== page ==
I thought it was a tad timely that, in the days preceding this week’s Rachel Dolezwal dust-up, I received an email from the Ancestry DNA site last Sunday with news that my DNA’s racial profile was now available (by virtue of my mother who has been steeped in re-creating/re-conjuring a family tree over the past year).
I’ve often wondered what my racial background entailed.
It’s been a while since I rose above the common illusion, especially among Mexicans themselves, that “Mexican” is anything close to a “race.” All the junior college Aztec warriors in Los Angeles are merely idolizing the Amerindian facet of their history at the expense of everything else, but worse, they ignorantly refuse to accept this fact.
I had a teacher in high school (who was Mexican himself) who would tell us, with a razor-sharp realistic irony, that Mexicans were the “bastard” race. I’m sure he was greeted with 30 blank stares in response, but he persisted in pounding this fact into our uninterested skulls over and over. It wasn’t until I was much older that I appreciated what he was trying to convey. There is no Mexican race any more than there is a United States race. In fact, the racial diversity of the Mexican people is quite vast compared to that of the United States, which touts itself as the melting pot.
It wasn’t until DNA testing became affordable and accessible that such “tools” can now be wielded by the layman. Ancestry’s report is geared to the layman, and I’m the ultimate genetic layman. I wouldn’t know what to do with genotypic detail if it fell in my lap. Ancestry does offer the ability to download your raw DNA data if you wish. I probably will do this and use it to engage in some internet “research” but I doubt much of that will be any real use to me. Instead, I defaulted to Ancestry’s summaries and algorithms in order to glimpse my genetic, global history.
I can’t say I was surprised by any of it other than the fact that I seem to possess a little more of the Italian/Greek line than I ever thought.
When all is said and done, I’m the perfect little mestizo! Half Amerindian, half European, with a smattering of strange bizarre shitty admixture from other places.
Being Mexican, and by extension, Spanish, I expected some North African; I was still a little surprised that Senegal outpaces even North Africa in my profile. Perhaps some Catholic missionaries are represented in that little brew. I’m Black…take that, Rachel Dolezal!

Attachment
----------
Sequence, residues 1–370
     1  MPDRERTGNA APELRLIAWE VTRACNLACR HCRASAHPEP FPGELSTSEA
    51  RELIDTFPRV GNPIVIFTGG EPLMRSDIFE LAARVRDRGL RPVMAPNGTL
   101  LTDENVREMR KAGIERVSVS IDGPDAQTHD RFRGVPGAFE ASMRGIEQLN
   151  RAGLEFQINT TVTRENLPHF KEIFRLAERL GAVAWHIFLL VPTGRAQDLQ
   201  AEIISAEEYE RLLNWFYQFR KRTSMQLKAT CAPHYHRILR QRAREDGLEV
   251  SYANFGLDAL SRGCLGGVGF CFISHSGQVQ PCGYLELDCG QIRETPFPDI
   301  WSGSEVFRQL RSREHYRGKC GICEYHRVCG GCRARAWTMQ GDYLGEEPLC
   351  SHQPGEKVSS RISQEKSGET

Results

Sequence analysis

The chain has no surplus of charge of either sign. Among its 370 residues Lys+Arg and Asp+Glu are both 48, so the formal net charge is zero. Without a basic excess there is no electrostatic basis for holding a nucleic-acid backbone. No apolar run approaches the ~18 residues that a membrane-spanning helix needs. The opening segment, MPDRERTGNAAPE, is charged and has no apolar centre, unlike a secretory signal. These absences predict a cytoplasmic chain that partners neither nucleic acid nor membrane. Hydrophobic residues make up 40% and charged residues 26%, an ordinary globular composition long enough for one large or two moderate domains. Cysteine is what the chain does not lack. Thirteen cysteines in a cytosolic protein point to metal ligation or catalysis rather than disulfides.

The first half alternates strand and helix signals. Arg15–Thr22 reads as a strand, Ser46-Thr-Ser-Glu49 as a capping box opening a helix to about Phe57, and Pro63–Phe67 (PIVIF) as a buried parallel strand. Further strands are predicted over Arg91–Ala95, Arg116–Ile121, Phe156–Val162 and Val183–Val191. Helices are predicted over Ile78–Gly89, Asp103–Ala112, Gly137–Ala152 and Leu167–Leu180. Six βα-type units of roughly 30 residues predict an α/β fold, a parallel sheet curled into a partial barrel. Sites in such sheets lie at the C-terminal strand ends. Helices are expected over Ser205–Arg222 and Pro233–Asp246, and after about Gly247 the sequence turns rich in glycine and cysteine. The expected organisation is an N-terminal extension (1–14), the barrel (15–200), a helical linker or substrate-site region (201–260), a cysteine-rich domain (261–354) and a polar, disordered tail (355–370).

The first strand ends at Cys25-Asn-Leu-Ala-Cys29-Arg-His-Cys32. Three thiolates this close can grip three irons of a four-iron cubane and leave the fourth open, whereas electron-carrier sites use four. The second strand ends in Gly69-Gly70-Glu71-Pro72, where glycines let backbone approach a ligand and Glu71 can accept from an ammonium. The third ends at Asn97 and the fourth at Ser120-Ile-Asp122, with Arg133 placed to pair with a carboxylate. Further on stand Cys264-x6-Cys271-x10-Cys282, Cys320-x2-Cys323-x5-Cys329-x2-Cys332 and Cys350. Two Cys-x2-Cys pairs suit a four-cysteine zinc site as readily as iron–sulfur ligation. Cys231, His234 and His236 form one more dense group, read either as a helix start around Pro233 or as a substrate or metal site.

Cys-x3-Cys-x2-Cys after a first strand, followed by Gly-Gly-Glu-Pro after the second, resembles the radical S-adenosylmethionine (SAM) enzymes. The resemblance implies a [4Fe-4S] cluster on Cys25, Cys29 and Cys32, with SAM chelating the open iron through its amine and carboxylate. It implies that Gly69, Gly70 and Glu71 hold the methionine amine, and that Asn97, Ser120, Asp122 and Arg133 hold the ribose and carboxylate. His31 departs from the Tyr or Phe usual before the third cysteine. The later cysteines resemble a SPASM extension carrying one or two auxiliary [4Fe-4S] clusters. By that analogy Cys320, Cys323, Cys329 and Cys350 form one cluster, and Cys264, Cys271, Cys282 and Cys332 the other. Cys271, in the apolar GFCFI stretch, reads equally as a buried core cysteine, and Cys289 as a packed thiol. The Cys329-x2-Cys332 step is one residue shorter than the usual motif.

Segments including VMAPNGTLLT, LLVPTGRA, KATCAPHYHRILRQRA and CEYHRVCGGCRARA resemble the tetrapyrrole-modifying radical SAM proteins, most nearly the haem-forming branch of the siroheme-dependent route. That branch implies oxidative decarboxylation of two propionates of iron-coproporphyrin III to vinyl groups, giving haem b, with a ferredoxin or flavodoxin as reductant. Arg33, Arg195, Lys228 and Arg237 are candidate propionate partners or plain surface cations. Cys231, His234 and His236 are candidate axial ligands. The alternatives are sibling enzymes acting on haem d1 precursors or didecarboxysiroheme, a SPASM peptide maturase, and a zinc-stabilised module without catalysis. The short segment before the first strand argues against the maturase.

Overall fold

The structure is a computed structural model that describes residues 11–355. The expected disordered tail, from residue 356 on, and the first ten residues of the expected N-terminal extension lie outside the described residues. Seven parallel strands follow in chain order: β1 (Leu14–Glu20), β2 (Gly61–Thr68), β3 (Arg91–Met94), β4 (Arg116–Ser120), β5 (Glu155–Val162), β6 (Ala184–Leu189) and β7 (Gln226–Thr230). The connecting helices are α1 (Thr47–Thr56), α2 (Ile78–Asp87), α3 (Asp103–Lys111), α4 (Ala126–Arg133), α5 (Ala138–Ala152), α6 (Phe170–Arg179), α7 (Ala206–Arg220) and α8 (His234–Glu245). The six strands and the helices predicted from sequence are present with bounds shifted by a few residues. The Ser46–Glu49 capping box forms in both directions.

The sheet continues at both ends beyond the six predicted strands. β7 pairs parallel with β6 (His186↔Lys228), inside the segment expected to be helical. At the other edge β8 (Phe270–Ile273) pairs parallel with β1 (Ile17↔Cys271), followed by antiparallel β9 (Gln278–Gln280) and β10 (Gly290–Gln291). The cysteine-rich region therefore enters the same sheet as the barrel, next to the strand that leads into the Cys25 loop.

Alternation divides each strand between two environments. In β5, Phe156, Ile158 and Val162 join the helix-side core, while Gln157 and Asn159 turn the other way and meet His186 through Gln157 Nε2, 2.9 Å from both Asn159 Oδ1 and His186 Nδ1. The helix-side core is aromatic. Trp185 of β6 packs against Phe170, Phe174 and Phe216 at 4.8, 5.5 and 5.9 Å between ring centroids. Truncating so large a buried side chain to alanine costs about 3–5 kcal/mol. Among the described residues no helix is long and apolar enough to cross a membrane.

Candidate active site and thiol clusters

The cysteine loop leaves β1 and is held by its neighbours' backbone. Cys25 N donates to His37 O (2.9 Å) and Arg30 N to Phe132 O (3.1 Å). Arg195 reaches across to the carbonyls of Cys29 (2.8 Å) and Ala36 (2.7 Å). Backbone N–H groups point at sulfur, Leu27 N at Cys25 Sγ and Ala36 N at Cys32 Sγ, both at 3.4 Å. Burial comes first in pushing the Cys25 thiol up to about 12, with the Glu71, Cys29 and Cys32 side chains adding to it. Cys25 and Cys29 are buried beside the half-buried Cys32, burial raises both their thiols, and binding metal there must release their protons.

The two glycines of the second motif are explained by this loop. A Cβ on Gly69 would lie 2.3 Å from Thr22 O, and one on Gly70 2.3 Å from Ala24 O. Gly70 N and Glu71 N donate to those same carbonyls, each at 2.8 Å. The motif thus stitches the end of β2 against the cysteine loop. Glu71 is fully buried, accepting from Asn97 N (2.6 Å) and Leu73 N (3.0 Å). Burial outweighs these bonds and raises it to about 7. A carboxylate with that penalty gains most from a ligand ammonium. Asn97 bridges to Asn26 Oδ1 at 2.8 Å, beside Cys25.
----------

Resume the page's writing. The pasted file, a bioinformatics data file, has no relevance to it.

The Finland/Ireland/Scandinavia axis surprises me a little, but as my brother joked, this probably denotes some Viking invaders knocking up squaws in our distant history. I also commented that the Indian and Irish lines might explain my historic indulgence in the bottle.
We did have a good laugh at the Native American figure. My father wondered aloud if this was enough to get me into a tribe’s good graces, and maybe some of that healthy Indian casino profit.
Not that anyone would ever use convenient racialism in order to individually prosper, right?
See, I’m defined by my physiological measurements and data. My molecular make-up is indisputable. These are the “raw,” rudimentary building blocks of my body. How I define myself has absolutely nothing to do with it, and all my defining in the world does not make it real. I can defer to any of those global regions and assign myself its stereotypical qualities, and presto, I’ve changed my self-definition. Since genotype can prove quite invisible, who would think to question? I knew a guy whose father was Mexican and mother, White. He looked completely Mexican. Our self-defined sense of race is capricious and subject to agendas, but has nothing to do with the materials that were handed us from our ancestors. Just because you can say you are anything in the world does not make you that.
And if we base our society and its structural antecedents to be based on our own personal, nebulous fancies, society will fluctuate on a whim.
And judging from what I see in the news, that is exactly where we are headed. A world where feminism finally reigns: where you draw the bullseye around the arrow of science.